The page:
Mental health stakes high on the Canadian rodeo circuit
ATB takes on title sponsor role for Canadian Finals Rodeo and joins bid for better mental health support for competitors
By Angelique Rodrigues 8 November 2021 3 min read
In the wake of beloved bull rider Ty Pozzobon’s controversial death in 2017, the western lifestyle community in Alberta has been working to reduce stigmas around mental health.
Pozzobon was a 25-year-old bull rider from Merritt, B.C., who - according to friends and family - took his own life after experiencing numerous concussions and a lack of support and protection in the industry.
“Ty was one of the greatest bull riders in the world, and when he lost his life to mental illness it really shook the whole western lifestyle,” said Tanner Byrne, a longtime friend who founded the Ty Pozzobon Foundation. “It wasn’t just anybody—he was the McDavid of our sport, so if it could happen to him, it meant it could happen to anyone.”
Since then, Byrne says the foundation has been on a mission to raise awareness on mental health and reduce stigmas around accessing care. Along the way, they teamed up with the Canadian Pro Rodeo Sport Medicine Team to run an education and awareness program around mental health and promote better concussion protocols for bull-riding and other events.
"It used to be no big deal for someone to get rattled, come to and get on the next ride. It makes me proud [to] know the sport is moving in the right direction."
Zeke Thurston, ATB Community Ambassador
The foundation funds the sports medicine team to go to high schools and professional rodeos and to create video resources on mental health and concussion education.
“Since Ty’s passing we’re more aware of mental health issues related to concussions and our team, and the foundation, - we’re out there raising awareness and providing education about it,” Brandon Thome, Executive Director of the sports medicine team.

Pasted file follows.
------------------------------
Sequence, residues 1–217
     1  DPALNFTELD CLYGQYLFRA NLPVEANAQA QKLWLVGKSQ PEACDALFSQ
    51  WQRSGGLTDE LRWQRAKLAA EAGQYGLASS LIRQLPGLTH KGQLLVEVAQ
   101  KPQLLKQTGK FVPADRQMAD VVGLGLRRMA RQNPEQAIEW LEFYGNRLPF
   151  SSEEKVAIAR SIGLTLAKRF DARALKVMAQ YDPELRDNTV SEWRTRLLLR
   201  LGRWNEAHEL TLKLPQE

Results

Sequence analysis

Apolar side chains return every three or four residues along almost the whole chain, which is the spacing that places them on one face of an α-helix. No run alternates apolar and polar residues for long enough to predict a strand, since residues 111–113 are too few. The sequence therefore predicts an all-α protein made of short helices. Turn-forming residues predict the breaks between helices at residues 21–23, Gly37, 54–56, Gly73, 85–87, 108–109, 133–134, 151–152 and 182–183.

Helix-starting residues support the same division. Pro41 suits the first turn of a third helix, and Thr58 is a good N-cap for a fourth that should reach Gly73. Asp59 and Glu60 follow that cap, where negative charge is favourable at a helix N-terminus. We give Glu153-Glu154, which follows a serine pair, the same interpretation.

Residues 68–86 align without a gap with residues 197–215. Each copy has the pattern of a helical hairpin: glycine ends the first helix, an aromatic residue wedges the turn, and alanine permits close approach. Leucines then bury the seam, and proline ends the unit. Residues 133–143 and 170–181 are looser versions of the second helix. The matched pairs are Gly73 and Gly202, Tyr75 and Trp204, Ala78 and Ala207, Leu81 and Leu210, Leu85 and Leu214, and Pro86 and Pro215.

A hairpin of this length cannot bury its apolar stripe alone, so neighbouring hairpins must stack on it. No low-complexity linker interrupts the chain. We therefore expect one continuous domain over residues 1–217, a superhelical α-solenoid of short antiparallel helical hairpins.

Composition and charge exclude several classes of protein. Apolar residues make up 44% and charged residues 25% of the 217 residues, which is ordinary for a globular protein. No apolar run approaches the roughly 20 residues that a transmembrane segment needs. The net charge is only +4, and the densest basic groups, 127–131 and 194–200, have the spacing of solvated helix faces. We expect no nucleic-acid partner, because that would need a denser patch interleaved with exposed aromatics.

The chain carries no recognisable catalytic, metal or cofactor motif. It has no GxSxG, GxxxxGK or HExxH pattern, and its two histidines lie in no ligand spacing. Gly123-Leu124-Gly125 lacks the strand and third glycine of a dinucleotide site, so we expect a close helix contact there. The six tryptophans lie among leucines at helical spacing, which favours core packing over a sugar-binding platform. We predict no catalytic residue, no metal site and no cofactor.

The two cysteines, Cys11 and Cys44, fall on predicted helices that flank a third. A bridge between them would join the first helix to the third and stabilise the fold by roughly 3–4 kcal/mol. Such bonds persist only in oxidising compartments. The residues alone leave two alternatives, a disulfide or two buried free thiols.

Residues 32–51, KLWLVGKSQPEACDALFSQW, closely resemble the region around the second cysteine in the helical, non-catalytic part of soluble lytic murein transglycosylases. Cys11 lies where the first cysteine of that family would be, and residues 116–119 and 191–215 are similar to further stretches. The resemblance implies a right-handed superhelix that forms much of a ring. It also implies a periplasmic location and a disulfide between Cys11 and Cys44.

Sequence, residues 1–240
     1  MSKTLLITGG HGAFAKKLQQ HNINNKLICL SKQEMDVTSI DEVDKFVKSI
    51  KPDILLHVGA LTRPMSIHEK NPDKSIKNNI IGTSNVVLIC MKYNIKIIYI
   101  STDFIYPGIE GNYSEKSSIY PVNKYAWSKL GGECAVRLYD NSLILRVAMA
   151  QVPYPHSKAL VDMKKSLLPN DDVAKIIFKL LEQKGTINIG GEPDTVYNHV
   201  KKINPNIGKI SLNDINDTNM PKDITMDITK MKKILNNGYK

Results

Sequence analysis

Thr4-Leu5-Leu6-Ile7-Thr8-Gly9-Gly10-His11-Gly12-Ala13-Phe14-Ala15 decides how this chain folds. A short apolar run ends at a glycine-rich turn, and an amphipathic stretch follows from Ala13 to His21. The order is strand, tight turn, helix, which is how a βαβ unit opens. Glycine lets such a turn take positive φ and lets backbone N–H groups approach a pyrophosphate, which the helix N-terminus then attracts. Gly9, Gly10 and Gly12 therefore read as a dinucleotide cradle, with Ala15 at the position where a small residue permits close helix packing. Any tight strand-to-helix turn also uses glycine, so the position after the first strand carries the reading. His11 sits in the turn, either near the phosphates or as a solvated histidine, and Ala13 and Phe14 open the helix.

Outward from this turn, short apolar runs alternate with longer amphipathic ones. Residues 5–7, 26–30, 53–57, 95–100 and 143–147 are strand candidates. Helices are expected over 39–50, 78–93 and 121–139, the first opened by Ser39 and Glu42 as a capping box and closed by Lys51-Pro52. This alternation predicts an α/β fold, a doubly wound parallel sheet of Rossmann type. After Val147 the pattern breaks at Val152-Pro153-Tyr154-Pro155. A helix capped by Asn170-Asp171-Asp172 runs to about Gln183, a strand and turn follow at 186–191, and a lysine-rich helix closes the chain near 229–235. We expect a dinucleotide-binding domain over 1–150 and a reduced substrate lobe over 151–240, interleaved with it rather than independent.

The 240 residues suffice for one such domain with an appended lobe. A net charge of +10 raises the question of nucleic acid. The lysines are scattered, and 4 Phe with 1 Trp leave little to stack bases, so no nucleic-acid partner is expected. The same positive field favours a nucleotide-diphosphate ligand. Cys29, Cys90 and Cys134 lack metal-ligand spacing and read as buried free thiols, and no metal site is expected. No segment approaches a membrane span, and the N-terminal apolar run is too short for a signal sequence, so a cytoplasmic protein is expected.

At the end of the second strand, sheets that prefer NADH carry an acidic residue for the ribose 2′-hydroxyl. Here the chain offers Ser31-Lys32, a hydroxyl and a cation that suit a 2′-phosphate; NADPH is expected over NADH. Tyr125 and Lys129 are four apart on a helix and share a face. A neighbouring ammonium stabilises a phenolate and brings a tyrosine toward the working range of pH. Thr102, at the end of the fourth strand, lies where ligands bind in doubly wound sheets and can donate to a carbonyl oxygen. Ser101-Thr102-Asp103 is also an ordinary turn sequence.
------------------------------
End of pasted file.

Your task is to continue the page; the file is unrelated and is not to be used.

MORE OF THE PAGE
And, he says, it’s working.
Bucking the stigma
Zeke Thurston, two-time Canadian Saddle Bronc Champion and ATB Financial’s sponsored rodeo competitor in this year’s CFR, agrees.
“There are definitely a lot more people aware of the mental health impacts and they take it quite seriously now. It used to be no big deal for someone to get rattled, come to and get on the next ride,” said Thurston. “It makes me proud and I know the sport is moving in the right direction.”
It’s why, when the opportunity to become title sponsor for this year’s CFR came up, ATB elected to focus the activation on those two teams as they actively work to dismantle stigmas and provide access to mental health resources.
“As strong advocates for mental health, we are proud to partner with the Ty Pozzobon Foundation and the Canadian Pro Rodeo Sport Medicine Team to raise much needed funds and awareness,” said ATB President and CEO Curtis Stange. “We are also excited to sponsor an event that celebrates Alberta’s vibrant western culture, engages community spirit and drives economic growth in the region.”
In addition to a direct $10,000 donation, split between the Pro Rodeo Sport Medicine Team and the Ty Pozzobon Foundation, ATB also offered three, free therapy sessions to each rodeo participant through our partner—Inkblot Therapy—and discounted rates following the event. Thurston says that access to private, flexible therapy can help save lives in the western community—especially among competitors who still find it difficult to admit when they need help.
“The therapy—that’s a huge asset for them. Lots of us in the rodeo like convenience, so the therapy session being private, easy to set up, on the go, nobody needs to know about it—that is huge,” said Thurston. “We talk about trying to be open about it but there are still a lot of people who don’t want to admit they need help and this, well, it makes it easy.”
You can learn more about the Ty Pozzobon Foundation, and their efforts to protect and support the well-being of western lifestyle participants in Alberta, at typozzobon.ca.
ATB’s Greater Good strategy seeks to move the province forward in the areas of Access to Mental Health Supports and Access to Information and Communication. You can learn more about ATB’s Greater Good strategy here.